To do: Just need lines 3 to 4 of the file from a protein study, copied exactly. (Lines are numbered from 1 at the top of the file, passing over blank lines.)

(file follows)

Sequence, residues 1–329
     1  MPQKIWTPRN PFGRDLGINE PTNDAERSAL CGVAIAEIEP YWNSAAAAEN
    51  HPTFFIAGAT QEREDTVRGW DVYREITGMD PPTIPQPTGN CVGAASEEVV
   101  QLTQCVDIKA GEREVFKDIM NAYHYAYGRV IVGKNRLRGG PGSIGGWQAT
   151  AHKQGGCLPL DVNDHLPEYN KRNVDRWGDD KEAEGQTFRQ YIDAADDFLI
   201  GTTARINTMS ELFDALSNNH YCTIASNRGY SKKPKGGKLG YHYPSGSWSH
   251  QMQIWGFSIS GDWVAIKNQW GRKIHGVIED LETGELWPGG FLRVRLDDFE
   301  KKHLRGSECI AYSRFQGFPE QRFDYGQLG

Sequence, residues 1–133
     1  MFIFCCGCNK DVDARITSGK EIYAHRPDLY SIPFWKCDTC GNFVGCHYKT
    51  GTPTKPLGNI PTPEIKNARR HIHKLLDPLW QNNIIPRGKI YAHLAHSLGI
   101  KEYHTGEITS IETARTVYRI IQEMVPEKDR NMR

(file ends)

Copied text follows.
    51  HPTFFIAGAT QEREDTVRGW DVYREITGMD PPTIPQPTGN CVGAASEEVV
   101  QLTQCVDIKA GEREVFKDIM NAYHYAYGRV IVGKNRLRGG PGSIGGWQAT